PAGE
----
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The Familiar Path: How Our Brain's Wiring Influences Our Choices


Written by Stephanie Underwood, BSW, RSW

Published Tuesday, December 19, 2023



Introduction


Have you ever wondered why certain events repeatedly occur in your life? Maybe you notice a trend of dating similar partners, or certain patterns keep recurring, leaving you feeling trapped and unable to break free. Perhaps you find yourself clinging to the familiar, even when a part of you knows there might be better options out there?


This is not just a matter of personal preference or comfort; it's deeply rooted in our brain's wiring. Our brains, designed for survival, often lead us to choose the known over the unknown - even when the unknown path might be safer or more beneficial.


Understanding the Brain's Survival Mechanism


The brain has a singular purpose: to keep you alive. Faced with a choice between different paths, it invariably opts for the familiar over the unknown. To the brain, the unknown represents a greater danger, even if the familiar path is unhealthy. The brain prefers predictability, favoring known outcomes over uncertain ones.


Our ancestors often faced life-threatening challenges that made familiarity a key to survival. Venturing into unknown territories could mean encountering unknown predators, hostile groups, or unsafe environments. For example, choosing a known path while foraging or hunting meant navigating through familiar landscapes where the risks were more predictable and manageable. This preference for the familiar extended to social interactions as well; sticking with a known group provided safety in numbers and a shared knowledge base, crucial for dealing with threats and challenges.


The brain’s role in guiding these decisions was significant. The amygdala, the part of the brain that processes fear and anxiety, was constantly at work, evaluating risks and steering our ancestors towards choices that seemed safest based on past experiences. This often meant choosing the familiar over the unfamiliar. The reward system in the brain also played a role, reinforcing behaviours and choices that led to positive outcomes, such as finding food or successfully avoiding danger in familiar territories.


The Familiarity Bias in Modern Life


From childhood, we are immersed in a specific environment, be it safe or unsafe. This environment embeds itself in our brains as what "feels safe," or the "known." Even the core beliefs developed during childhood become a critical part of the brain's framework, guiding us towards the familiar by ensuring we adhere to its known script. For instance, if you learned to distrust others in your early years, forming a belief that people are untrustworthy, you might often find yourself in relationships with untrustworthy individuals, thereby reinforcing your belief that others cannot be trusted. This bias manifests in various ways. Consider someone staying in an unfulfilling job or a toxic relationship because it's familiar. Unconsciously, they might avoid pursuing a new career or relationship that, while unfamiliar, could offer greater fulfillment and happiness. This preference for the familiar, despite its downsides, stems from our brain's inherent caution against the unknown.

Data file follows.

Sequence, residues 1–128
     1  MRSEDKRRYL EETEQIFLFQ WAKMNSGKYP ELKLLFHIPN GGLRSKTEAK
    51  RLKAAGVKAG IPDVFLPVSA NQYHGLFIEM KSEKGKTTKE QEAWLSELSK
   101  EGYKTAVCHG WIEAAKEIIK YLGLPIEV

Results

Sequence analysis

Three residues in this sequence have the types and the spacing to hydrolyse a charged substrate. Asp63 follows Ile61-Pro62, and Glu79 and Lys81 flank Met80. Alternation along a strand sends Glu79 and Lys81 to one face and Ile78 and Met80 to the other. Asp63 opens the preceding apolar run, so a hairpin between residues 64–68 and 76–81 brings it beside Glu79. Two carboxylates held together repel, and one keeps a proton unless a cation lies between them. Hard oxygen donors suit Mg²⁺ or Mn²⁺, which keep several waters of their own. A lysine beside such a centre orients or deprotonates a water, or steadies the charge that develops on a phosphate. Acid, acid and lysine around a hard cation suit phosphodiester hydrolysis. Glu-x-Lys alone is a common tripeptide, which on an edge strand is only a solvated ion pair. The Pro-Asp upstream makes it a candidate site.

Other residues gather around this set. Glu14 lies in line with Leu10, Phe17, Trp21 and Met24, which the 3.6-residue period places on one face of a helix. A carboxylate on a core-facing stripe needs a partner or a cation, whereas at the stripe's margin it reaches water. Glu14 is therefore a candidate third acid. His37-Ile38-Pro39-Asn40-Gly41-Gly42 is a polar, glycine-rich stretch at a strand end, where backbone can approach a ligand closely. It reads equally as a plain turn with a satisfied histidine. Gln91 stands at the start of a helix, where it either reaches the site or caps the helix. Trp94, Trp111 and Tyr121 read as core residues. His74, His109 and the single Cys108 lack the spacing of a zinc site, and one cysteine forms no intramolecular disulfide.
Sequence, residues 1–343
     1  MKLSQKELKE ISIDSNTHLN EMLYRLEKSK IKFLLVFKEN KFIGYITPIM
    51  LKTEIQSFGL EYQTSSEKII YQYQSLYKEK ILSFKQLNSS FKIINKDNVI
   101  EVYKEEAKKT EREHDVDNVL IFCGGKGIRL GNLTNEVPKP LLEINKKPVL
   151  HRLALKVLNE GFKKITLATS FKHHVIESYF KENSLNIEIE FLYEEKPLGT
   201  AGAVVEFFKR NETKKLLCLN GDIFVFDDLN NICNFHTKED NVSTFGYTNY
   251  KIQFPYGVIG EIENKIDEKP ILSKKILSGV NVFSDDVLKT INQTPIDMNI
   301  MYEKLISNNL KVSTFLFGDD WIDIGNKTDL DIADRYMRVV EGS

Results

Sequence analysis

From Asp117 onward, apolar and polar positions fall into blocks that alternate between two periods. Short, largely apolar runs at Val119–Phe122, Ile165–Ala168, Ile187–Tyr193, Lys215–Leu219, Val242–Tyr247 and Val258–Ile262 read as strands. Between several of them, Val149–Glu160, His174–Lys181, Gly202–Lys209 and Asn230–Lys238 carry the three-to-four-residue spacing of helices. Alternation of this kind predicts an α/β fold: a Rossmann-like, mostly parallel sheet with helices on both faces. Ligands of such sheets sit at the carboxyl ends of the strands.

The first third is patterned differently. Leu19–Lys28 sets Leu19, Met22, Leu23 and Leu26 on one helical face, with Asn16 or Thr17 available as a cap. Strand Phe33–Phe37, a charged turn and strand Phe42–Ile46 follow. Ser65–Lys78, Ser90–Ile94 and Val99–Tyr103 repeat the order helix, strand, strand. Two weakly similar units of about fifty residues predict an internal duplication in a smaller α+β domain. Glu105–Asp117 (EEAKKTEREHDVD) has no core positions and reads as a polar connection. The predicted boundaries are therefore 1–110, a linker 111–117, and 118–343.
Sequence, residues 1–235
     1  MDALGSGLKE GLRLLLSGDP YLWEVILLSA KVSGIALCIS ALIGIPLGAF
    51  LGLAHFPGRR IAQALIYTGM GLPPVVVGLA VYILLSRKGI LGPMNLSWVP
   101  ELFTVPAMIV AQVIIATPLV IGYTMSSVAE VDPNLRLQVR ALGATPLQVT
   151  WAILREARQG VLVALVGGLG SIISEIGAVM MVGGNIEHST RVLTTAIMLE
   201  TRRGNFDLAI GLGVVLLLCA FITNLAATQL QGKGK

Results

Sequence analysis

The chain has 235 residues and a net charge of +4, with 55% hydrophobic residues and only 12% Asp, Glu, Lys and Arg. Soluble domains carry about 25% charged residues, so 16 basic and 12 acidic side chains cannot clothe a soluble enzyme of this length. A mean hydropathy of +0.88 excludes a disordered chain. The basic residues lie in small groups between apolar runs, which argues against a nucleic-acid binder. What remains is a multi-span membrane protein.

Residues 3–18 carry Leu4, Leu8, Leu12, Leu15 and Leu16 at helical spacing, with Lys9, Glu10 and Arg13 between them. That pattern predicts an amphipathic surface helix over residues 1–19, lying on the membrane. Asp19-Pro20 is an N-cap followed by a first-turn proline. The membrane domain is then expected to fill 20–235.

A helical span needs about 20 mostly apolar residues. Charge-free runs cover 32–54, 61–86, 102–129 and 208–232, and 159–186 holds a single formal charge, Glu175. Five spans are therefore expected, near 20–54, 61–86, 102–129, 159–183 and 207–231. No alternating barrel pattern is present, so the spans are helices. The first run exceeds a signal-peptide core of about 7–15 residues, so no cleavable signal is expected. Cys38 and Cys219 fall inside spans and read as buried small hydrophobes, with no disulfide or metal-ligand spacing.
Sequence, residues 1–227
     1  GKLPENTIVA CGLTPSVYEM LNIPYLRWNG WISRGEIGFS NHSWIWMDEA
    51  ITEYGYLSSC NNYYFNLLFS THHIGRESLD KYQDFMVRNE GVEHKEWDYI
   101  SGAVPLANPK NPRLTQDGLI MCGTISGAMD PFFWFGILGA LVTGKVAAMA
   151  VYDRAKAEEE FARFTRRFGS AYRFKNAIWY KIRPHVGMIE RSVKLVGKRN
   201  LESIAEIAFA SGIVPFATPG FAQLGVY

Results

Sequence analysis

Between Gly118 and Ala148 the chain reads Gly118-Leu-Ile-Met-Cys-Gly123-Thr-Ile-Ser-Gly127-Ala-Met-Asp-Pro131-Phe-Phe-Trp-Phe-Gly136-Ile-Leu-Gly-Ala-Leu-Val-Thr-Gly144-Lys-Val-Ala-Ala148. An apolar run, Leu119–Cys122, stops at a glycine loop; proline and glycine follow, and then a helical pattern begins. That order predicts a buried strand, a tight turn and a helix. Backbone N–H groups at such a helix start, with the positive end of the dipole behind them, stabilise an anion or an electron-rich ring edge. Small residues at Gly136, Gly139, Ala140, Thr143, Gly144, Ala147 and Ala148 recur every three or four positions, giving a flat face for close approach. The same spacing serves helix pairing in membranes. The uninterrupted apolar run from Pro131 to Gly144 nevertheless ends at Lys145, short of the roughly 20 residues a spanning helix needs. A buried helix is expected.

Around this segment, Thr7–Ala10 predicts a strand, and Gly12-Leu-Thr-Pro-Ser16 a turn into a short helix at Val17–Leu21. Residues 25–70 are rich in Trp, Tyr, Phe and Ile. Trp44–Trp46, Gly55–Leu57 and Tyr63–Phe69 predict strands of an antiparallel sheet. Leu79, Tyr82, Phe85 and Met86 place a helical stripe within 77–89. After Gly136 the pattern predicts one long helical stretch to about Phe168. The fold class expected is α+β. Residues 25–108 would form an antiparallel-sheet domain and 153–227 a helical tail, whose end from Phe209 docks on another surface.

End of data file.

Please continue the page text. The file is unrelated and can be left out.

The Cost of Over-Reliance on the Familiar


This tendency doesn't come without a cost. Psychologically, it can lead to a sense of stagnation, missed opportunities, and even contribute to mental health issues like anxiety and depression. Studies have shown that individuals who challenge their fear of the unknown often experience greater satisfaction in life. Experts in psychology suggest that embracing uncertainty can be a pathway to growth and resilience.


Rewiring Our Brain to Embrace the Unknown


So, how do we rewire our brains to be more open to the unknown? Everything begins with self-awareness. We cannot change what we do not know. Look at the different spheres of your life and try to identify the patterns that may be deeply ingrained within certain areas. Look at your relationships with romantic partners, friendships, and family members.


Once you know your patterns better, start small. Gradually expose yourself to new experiences, and practice mindfulness to be aware of when your bias towards the familiar is at play. Cognitive flexibility, the ability to adapt your thinking to new and changing conditions, is also crucial. This doesn't mean recklessly diving into every unknown, but rather, assessing risks realistically and being open to new possibilities.


Conclusion


Our brain's preference for the familiar path is a deeply ingrained survival mechanism. However, in a world where the unknown often offers growth and safety, it's important to understand and challenge this bias. By acknowledging and gradually pushing against our brain's natural inclinations, we can open ourselves up to new, potentially more fulfilling paths.


Now, I'd love to hear from you! Have you ever chosen the familiar path over the unknown, and how did it turn out? Are there areas in your life where you could benefit from embracing the unknown? Share your thoughts and experiences in the comments below.


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